The Beauty of Time and Image: “ST/LL” at SIFA 2019

Seamlessly blending the digital image, live dance and a richly evocative music score, ST/LL is startlingly beautiful treat for the eyes and the ears. This production celebrates the performance collaboration of composer Ryuichi Sakamoto and visual and multimedia artist Shiro Takatani. (Sakamoto’s concert Fragments, with visuals by Takatani, is already sold out.)

Here are four reasons to catch ST/LL at the Singapore International Festival of Arts this year.


Photo by LeHavre


  1. Seamless Illusion

At times it feels as if you have stepped into a live world of one of Rene Magritte’s surrealist paintings – at others, a three dimensional world of a Japanese science fiction animation. ST/LL offers a succession of beautiful, dreamlike scenes where screen projection meets the live dancing body, lighting and staging effects to create a world of total illusion. In the opening, dancers move almost in suspended motion across a reflective floor, which turns out to be a seamless pool of water – a rippling continuation of the projection screen panel in the centre of the stage. In several scenes the dancers are tracked live by a mobile camera, and their images projected larger than life above them to the effect of a fresco painting. Glasses, books and people fall in suspended motion, so that gravity, space and time seem to lose their boundaries.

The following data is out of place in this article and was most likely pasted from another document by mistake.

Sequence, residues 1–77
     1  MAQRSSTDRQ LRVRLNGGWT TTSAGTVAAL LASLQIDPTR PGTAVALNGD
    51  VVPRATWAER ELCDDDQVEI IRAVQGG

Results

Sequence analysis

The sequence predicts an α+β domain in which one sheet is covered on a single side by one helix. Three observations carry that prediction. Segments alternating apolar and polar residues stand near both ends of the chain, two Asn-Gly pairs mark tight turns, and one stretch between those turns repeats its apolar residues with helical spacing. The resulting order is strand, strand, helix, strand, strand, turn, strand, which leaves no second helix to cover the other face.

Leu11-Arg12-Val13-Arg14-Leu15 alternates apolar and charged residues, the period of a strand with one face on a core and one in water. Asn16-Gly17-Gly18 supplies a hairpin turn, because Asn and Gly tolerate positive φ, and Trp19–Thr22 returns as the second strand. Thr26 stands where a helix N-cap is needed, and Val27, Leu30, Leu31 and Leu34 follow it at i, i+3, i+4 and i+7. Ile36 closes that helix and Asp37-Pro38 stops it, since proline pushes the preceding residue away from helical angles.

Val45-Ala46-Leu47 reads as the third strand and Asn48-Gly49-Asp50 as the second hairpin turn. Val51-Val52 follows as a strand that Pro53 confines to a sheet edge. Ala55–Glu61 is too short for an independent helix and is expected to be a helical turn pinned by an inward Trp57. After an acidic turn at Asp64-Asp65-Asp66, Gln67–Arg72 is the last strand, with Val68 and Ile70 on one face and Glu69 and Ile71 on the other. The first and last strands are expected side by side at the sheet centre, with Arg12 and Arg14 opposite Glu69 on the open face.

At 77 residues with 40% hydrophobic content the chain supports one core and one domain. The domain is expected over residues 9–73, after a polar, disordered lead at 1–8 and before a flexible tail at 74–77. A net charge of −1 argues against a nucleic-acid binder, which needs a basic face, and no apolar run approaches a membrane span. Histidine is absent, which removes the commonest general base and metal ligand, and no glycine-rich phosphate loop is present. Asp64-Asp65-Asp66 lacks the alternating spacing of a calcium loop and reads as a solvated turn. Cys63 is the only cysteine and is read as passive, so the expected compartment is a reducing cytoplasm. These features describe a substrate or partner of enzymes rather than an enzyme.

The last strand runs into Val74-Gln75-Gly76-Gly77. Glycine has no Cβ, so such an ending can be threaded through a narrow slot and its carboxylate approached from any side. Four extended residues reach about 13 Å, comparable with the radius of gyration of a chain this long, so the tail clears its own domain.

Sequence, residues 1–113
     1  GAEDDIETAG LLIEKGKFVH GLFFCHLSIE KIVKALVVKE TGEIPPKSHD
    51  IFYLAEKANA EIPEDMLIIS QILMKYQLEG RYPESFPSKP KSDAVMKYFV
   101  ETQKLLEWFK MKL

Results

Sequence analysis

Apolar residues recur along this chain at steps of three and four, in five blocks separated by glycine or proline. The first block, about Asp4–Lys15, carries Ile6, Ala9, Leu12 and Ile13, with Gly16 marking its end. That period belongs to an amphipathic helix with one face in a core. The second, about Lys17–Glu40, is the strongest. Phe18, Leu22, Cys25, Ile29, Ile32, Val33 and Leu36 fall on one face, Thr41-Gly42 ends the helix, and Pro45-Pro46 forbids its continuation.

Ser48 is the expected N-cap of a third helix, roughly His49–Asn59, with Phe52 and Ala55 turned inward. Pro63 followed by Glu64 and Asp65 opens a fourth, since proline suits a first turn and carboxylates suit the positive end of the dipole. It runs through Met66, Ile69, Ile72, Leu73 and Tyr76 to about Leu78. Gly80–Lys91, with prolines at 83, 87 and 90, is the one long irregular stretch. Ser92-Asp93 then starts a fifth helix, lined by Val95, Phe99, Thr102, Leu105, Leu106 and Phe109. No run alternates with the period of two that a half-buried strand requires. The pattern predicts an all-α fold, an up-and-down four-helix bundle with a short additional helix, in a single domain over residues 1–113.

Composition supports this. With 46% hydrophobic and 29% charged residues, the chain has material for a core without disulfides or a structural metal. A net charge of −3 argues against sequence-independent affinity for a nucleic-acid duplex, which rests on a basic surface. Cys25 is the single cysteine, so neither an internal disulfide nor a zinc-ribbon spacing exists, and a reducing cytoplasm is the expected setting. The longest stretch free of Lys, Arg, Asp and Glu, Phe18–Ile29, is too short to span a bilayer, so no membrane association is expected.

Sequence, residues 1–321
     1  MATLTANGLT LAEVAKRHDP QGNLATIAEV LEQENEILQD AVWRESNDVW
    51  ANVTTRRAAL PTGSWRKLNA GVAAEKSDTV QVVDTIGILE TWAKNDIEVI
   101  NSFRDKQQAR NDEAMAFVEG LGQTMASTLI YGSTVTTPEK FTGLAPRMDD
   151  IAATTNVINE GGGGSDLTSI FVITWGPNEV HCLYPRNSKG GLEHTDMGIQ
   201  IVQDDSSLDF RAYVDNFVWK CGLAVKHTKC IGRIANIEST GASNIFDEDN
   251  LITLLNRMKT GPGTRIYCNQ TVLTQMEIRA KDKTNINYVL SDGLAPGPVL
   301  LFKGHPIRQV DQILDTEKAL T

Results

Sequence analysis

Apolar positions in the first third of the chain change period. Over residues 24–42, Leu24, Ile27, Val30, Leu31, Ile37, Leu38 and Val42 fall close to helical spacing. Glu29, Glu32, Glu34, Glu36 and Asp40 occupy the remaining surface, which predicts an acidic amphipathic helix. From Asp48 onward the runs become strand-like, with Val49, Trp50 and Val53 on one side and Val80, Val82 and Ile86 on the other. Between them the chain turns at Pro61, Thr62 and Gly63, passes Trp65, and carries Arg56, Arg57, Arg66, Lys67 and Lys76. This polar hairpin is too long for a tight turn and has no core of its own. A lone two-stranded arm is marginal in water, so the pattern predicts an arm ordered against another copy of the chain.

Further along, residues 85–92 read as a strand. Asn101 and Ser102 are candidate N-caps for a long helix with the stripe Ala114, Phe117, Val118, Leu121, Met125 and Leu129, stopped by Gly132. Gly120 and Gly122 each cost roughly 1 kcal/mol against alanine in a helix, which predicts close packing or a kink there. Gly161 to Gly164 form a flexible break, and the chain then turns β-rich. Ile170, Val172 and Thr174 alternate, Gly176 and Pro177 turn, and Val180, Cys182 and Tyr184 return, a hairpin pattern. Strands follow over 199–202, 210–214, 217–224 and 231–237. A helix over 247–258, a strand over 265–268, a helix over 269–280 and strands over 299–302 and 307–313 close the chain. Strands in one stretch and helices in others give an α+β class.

1. Luscious Soundtrack

The effect of image come to life is heightened with a music score created specially by Ryuichi Sakamoto in collaboration with composers Marihiko Hara and Takuya Minami. His brooding score that primarily features piano, strings and electronic sound reflect wistful emotion, steeping some images in delicious melancholy, and others in meditative peace or light playfulness. Sakamoto and Takatani have been longtime collaborators since Takatani created the visuals for Sakamoto’s opera LIFE in 1999. Together they experiment with the boundaries of their art forms, creating astonishing and unique performances and installations.


Photo by Yoshikazu Inoue


  1. Elegant Dancing

This is not ostensibly a choreographic work, but among the performers is dancer Yuko Hirai, who features in several beautiful dance solos embedded in the work. Standing in the water, her willowy figure and long limbs transform into an elegant crane as she flows and reaches through architectural lines.

  1. Capturing Film, Philosophy and Photography in a moment

Takatani is an extraordinary artist whose interests span philosophy, art film and photography.

He is a founding member of the iconic Kyoto-based art collective Dumb Type, which brought together visual artists, video artists, choreographers and performers, as well as architects, graphic designers, sound engineers and computer scientists to create groundbreaking multidisciplinary and multimedia performance in the 1980s and 1990s. Takatani trained in visual arts and environmental design, but with Dumb Type soon became the wizard of visual and technical effects. Takatani makes work for the gallery as well as the stage, with a distinct interest in photography and philosophical questions about perception. His past work La Chambre Claire (2008) was inspired by Roland Barthes’ theory of photography. ST/LL is his tribute to Russian filmmaker Andrei Tarkovsky, referencing stunning images of a water-filled world. ST/LL also takes up Tarkovsky’s questions about image and time, and gives us a refreshing and gorgeous voyage into another world.



ST/LL by Shiro Takatani, Dumb Type runs 24 May & 25 May, 8pm, at Esplanade Theatre, as part of the Singapore International Festival of Arts. Tickets at $40, $60, $80.

This post is sponsored by Arts House Limited.

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